There’s no harm in reading many articles on search optimisation; after all, you are gaining knowledge and understanding of the subject. However, it doesn’t matter how many articles you read; nothing is going to change unless you start to make some changes to your website and that’s where on-site SEO comes in.
What is On-Site SEO?
On-site SEO is defined as being how you optimise your website for better search engine optimisation through making adjustments to aspects of your site. On-site SEO differs slightly from On-page SEO which is concerned with the optimisation of a webpage instead of the whole website, but both do contain the same optimisation techniques.
On-site SEO works in conjunction with off-site SEO, and both are fundamentally important for search engine optimisation, however, they are two completely different aspects of SEO and do not involve the same techniques.
What’s the Difference Between On-Site and Off-Site?
The main difference I with on site and off-site SEO is that on-site is concerned with optimising your website by making changes to the content and technical aspects of your website. Whereas off-site is concerned with all the ways in which you can optimise and promote your content on the web which doesn’t concern making any changes to the site at all. Instead, off-site SEO involves actions such as social media marketing and link building/earning.
How to Conquer Your On-Site SEO
If you want to make a start with optimising your website for better results and performance in the SERPs, then on-site SEO techniques are a great place to start. Follow our essential step by step technique for both fixing and finding aspects of your website to improve.
Step 1: Perform a Site Audit
First things first, it should be your first step to identify any existing problems with your onsite SEO before you go ahead. As not only will you get a better understanding of issues could be causing you problems on your website, but you’ll also get a good idea of what aspects of your on-site SEO should be your top priority to optimise.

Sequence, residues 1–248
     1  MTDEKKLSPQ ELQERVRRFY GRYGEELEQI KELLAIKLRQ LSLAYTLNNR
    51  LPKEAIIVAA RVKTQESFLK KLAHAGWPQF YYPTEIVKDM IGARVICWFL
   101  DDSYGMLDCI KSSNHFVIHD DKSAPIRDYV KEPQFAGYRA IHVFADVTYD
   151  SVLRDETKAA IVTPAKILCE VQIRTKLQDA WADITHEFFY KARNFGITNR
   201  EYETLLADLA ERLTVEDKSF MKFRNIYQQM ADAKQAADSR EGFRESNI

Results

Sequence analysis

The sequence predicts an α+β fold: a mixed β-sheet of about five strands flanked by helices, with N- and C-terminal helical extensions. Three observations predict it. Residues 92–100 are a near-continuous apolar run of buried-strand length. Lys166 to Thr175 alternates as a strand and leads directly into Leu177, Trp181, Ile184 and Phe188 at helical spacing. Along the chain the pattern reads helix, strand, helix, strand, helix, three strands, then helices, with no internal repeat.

At Dojono, we offer a free SEO audit which helps you to identify any issues with your website which could be affecting the overall your overall SEO score. If you’d like to find out more about our SEO checker or get your completely free audit today, then visit our SEO Checker to discover more.
Step 2: Check Links
There are a few different types of links on your website, some of which will be on your website and some of which will be linking to your site. Nevertheless, it is essential for you to check these links regularly to ensure that there are no broken or potentially harmful links associated with your website.
Internal links are a fundamental part of not only helping users and search engine crawlers to navigate your website but also help to establish a structure or ‘hierarchy’ of pages on your website.
When checking your internal links, you want to ensure that you have a clearly defined structure, linking related to pages to each other and adding more links to more relevant pages.
As well as this you also want to be sure that all of your URLs that you link to in your content are correct and that there are no links to removed or non-existing pages which could be producing page errors on your site.
External links can help your content to gain more authority, for instance, if you are producing a page about finance, you may want to link out to some reputable sources and websites to help boost the authoritativeness of your content in the eyes of Google.